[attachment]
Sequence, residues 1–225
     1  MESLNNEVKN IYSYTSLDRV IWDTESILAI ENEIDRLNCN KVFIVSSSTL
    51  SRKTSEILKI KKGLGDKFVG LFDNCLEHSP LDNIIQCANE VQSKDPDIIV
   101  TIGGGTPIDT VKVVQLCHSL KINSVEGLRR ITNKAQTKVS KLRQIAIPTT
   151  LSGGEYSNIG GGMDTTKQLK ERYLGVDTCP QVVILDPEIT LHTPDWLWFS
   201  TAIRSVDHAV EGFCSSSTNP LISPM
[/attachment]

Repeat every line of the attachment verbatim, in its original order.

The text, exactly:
Sequence, residues 1–225
     1  MESLNNEVKN IYSYTSLDRV IWDTESILAI ENEIDRLNCN KVFIVSSSTL
    51  SRKTSEILKI KKGLGDKFVG LFDNCLEHSP LDNIIQCANE VQSKDPDIIV
   101  TIGGGTPIDT VKVVQLCHSL KINSVEGLRR ITNKAQTKVS KLRQIAIPTT
   151  LSGGEYSNIG GGMDTTKQLK ERYLGVDTCP QVVILDPEIT LHTPDWLWFS
   201  TAIRSVDHAV EGFCSSSTNP LISPM